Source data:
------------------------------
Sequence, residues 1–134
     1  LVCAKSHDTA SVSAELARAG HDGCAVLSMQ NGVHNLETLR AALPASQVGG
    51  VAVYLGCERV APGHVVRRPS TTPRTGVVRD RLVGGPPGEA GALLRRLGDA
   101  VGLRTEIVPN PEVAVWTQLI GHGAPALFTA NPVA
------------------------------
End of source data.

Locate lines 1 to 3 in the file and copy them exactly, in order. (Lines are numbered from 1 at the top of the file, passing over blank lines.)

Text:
Sequence, residues 1–134
     1  LVCAKSHDTA SVSAELARAG HDGCAVLSMQ NGVHNLETLR AALPASQVGG
    51  VAVYLGCERV APGHVVRRPS TTPRTGVVRD RLVGGPPGEA GALLRRLGDA